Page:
Sunday, August 22, 2010

Melodic Trains by Ashbery reflects the complexities of urban life. How far do you agree?

John Ashbery traces the factors, which directly influence and alter attitude of the modern man in day-to-day situations. Thus Ashbery brings before us the complexities of urban life, discussing the social, political and psychological issues along with personal trains of feelings of the poet.

The Melodic Trains is written in the perspective of modern American society. The social aspects are discussed on an emotional scale. The temperament, attitude and behaviour of modern man are dependent on circumstances and transubstantiations. The feelings of poet remain else-oriented. He does not feel anything irrelevant to his surrounding. The self is replaced by else all the time.
The first feelings he gives while sitting in the train are about the girl wearing enamelled finger nails.
A little girl with scarlet enameled fingernails Asks me what time it is—evidently that’s a toy wristwatch She’s wearing for fun. And it is fun to wear other
Odd things, like this briar pipe and tweed coat
Like date-coloured Sierras with the lines of seams
Sketched in and plunging now and then into unfathomable Valleys that can’t be deduced by the shape of the person Sitting inside it—me,
What he feels about or for this girl is totally social or impersonal. He reckons his look and position from outside. The girl is not funny in herself. Likewise the poet is not funny in himself. He is funny for other people – and that too with respect to their own judgement. The way and the comparison he uses to convey his opinion about himself is however quite modern. In nature anyhow they are too American to be global. We can say that these are not the feelings of a common man. But they are expressed in so impersonal a way that they look familiar enough to be of a common man. The artistic involvement of the poet in the expression of these feelings makes them poetic and general.
The concept of distance however is dealt with a philosophical touch. It is also enhanced by a brisk comparison.
and just as our way is flat across
Dales and gulches, as though our train were a pencil
Guided by a ruler held against a photomural of the
We both come to see distance as something unofficial
And impersonal yet not without its curious justification
Like the time of a stop watch

The distance is not without its curious justification yet it is unofficial and impersonal because the poet and the girl are not in their usual mood and behaviour. The words ‘unofficial’ and ‘impersonal’, however, seem opposites of each other. How one can be unofficial and impersonal at the same time? This is the question that we feel ourselves unable to solve. But this what the poet has taken as a model theme for his poem. The dilemma of a modern man is to be unofficial and impersonal at the same time. The people sitting in the train are unofficial because they are not on their usual places. And they are impersonal because they are involved with the other people going to their particular journeys separately. The distance or journey is like the time of a stop watch – right twice a day. It temporary and momentary. It makes one unofficial and impersonal at the same time. As the distance has a curious justification it is not dimensionless. 

Only the wait in stations is vague and
Dimensionless, like oneself.
The wait in the stations on the other hand is vague and dimensionless. It is so because it was not calculated and perhaps is never calculated.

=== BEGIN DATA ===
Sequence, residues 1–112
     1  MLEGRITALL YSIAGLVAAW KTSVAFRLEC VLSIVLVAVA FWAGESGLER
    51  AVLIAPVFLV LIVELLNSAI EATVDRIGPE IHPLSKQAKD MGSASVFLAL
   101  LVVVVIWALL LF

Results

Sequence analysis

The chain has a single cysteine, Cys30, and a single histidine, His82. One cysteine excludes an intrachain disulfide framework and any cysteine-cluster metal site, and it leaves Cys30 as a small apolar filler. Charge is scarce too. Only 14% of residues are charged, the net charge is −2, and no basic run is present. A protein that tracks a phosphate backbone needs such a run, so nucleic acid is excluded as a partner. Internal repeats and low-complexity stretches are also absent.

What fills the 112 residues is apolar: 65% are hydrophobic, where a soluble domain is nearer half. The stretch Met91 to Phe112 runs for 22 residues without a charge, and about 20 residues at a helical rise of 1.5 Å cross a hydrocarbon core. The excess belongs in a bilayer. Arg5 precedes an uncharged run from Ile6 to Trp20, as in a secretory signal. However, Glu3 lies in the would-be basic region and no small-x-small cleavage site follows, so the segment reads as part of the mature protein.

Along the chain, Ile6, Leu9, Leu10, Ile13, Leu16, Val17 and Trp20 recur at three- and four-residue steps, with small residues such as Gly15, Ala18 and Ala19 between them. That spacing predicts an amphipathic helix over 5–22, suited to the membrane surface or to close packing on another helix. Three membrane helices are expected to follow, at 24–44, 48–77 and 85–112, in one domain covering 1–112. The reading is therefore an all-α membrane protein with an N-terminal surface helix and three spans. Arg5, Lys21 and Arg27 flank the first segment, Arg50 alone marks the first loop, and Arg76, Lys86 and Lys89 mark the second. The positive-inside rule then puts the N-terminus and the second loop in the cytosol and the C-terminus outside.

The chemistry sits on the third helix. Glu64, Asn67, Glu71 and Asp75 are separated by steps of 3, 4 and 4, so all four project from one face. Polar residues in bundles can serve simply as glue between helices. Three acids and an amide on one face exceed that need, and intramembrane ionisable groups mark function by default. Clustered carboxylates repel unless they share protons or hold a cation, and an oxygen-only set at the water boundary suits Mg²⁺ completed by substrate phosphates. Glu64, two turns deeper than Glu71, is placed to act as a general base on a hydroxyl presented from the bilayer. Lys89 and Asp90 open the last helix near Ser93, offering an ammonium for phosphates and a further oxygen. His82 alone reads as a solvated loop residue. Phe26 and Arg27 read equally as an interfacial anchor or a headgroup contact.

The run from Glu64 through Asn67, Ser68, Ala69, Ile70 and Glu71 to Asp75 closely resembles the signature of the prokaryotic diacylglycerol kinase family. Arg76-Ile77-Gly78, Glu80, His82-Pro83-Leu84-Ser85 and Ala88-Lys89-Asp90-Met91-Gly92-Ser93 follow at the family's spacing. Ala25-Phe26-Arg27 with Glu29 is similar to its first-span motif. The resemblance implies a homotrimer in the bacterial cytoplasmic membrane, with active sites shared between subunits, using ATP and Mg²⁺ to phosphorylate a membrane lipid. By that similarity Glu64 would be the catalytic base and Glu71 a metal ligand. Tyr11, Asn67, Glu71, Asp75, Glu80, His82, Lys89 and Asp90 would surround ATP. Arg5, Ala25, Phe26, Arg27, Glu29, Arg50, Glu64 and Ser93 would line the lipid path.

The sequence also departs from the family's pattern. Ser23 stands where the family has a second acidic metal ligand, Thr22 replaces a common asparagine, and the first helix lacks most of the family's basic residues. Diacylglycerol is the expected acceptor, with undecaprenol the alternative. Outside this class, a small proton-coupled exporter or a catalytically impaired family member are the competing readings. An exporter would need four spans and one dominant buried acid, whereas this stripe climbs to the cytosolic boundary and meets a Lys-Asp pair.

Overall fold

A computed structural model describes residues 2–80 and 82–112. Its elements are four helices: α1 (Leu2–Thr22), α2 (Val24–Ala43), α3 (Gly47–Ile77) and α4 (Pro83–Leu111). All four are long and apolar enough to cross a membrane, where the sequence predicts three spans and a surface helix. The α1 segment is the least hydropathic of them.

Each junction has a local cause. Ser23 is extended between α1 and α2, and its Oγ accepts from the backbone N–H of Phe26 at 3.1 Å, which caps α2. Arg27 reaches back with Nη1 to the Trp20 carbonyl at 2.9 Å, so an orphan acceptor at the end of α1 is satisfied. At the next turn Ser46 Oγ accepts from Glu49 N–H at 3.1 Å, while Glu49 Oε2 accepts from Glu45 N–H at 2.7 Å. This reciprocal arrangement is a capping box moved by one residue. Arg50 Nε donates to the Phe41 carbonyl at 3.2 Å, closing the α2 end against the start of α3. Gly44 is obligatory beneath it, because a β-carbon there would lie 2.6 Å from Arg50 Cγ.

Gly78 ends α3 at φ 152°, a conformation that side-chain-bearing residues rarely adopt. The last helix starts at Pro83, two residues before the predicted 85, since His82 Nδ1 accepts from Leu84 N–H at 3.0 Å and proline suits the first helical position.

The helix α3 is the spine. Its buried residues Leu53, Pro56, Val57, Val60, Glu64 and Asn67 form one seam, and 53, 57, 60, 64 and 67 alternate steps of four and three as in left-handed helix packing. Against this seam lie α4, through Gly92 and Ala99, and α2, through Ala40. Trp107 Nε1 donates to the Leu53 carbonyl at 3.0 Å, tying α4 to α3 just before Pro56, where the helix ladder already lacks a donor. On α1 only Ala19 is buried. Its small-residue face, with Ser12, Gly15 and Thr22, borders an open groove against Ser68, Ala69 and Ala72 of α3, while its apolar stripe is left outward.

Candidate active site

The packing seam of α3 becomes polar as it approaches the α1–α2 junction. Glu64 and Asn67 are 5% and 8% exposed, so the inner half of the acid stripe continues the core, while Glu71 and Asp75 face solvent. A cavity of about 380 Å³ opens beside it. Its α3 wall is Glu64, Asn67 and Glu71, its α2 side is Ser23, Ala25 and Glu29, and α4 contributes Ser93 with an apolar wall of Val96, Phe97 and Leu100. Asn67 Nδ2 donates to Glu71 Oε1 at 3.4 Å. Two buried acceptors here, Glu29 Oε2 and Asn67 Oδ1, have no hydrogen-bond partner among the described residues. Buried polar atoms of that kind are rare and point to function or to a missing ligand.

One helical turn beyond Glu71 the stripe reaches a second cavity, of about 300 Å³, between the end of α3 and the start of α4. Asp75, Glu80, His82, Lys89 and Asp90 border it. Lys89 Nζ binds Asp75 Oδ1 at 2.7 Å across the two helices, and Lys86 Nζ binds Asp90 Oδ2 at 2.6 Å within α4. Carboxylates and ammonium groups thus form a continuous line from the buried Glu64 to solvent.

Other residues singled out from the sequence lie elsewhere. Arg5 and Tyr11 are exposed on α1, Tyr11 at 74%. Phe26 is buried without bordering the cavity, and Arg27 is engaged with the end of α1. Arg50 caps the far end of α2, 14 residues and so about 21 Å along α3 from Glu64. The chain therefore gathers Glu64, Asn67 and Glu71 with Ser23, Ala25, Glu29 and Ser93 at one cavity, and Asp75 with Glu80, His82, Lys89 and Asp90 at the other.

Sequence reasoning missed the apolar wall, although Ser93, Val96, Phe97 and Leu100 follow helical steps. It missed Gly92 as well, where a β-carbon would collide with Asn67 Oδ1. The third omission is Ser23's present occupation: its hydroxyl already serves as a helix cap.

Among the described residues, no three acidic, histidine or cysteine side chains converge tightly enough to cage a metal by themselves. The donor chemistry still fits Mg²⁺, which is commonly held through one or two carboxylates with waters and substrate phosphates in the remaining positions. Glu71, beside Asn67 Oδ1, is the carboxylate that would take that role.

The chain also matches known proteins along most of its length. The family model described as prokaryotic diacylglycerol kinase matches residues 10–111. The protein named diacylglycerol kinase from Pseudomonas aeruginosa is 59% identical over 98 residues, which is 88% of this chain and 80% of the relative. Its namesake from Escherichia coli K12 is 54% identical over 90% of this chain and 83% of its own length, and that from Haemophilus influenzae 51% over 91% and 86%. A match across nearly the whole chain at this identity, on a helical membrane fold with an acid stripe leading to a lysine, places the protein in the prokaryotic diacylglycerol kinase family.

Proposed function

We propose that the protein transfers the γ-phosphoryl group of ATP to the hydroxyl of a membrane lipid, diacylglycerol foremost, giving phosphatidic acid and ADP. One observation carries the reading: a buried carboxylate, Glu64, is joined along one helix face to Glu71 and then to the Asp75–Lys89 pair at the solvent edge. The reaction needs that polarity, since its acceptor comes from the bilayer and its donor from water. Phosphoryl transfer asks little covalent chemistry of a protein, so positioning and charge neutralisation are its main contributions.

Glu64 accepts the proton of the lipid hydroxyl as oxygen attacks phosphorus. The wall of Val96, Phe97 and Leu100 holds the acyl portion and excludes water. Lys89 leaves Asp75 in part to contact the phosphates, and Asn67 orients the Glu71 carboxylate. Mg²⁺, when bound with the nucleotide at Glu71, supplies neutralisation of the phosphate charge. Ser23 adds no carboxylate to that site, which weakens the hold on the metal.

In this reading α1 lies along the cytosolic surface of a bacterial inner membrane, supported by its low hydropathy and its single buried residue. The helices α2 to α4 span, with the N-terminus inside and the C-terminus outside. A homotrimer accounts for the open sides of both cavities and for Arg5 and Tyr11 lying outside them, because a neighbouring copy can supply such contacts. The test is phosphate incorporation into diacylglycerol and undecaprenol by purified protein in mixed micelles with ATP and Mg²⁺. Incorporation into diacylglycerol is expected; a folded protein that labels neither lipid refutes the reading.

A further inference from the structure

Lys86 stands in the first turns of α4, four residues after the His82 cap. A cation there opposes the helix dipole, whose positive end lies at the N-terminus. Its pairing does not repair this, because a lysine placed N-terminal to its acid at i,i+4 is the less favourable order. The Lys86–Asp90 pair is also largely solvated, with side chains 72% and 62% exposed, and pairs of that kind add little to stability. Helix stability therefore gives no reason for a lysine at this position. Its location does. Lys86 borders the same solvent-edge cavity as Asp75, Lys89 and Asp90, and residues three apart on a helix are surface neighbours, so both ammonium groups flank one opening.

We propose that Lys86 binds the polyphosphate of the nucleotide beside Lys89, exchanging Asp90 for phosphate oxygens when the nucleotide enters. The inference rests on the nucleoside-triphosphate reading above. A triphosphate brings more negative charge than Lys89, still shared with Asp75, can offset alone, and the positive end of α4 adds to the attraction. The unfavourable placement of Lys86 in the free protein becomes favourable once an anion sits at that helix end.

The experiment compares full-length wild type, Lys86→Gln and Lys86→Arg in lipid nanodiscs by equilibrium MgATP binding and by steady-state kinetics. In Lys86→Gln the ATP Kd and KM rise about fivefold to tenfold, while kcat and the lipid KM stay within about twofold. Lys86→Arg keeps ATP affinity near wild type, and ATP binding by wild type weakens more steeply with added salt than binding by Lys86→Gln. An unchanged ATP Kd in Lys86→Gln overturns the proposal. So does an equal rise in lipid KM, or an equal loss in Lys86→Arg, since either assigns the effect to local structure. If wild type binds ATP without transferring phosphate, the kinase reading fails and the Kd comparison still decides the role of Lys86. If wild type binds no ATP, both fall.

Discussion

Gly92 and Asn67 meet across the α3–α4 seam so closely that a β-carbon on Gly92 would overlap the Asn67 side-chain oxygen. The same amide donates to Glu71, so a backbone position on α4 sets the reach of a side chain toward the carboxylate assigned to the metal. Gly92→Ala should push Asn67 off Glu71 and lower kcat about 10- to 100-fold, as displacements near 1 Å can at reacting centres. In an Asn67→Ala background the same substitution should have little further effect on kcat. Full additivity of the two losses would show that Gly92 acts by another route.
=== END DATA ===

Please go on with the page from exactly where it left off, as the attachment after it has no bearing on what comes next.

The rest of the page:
How do they decide how much Time to spend in each? One begins to suspect there’s no Rule or that it’s applied haphazardly.
The dimensionlessness of this wait is conveyed through the extrovert social behaviour of the people. One thinks about others when one is in trouble.
Thematically the poet has shifted himself from relaxed to tense feelings. This is what the modern poets practice very commonly. The themes are mostly sense, emotion and feeling oriented. These elements were there in the old poets also. But they had not made them the bases of their poems. Theirs were mostly thought oriented. It was the poetic thought that inspired them to write not the poetic feelings. The poetic thoughts aroused in them the poetic feelings and they wrote in a spontaneous over flow of powerful feelings. But it used to be thoughts they wrote not feelings. With the modern poets the things are different a little bit. Their feelings inspire them to write. These are the feelings they experience first not the thoughts. This is why the reader of a modern poetry will feel himself sensitively mature not thought wise. The theme of this poem is therefore the feelings of a modern man or so many modern men. The poet has conveyed their feelings through feelings not through thoughts.
Sadness of the faces of children on the platform, Concern of the grownups for connections, for the chances Of getting a taxi, since these have no timetable.
It is not the thought that the taxis have no timetable but a feeling. The taxis of course have their timetable but the person speaking this thought is in a state of mind that suffices to convert his thoughts into feelings.
This approach towards themes and topics is very common in modern poets. What makes this approach truly American is the logical way they convey it to you.
You get one if you can find one though in principle
You can always find one,
This is further the style they convey their feelings and thoughts through. The interference of thoughts in the depiction of feelings however is imperceptibly constant. What Ashbery gives as a logical explanation of his feelings is felt as a piece of philosophy.
but the segment of chance
In the circle of certainty is what gives these leaning
Tower of Pisa figures their aspect of dogged
Impatience, banking forward into the wind.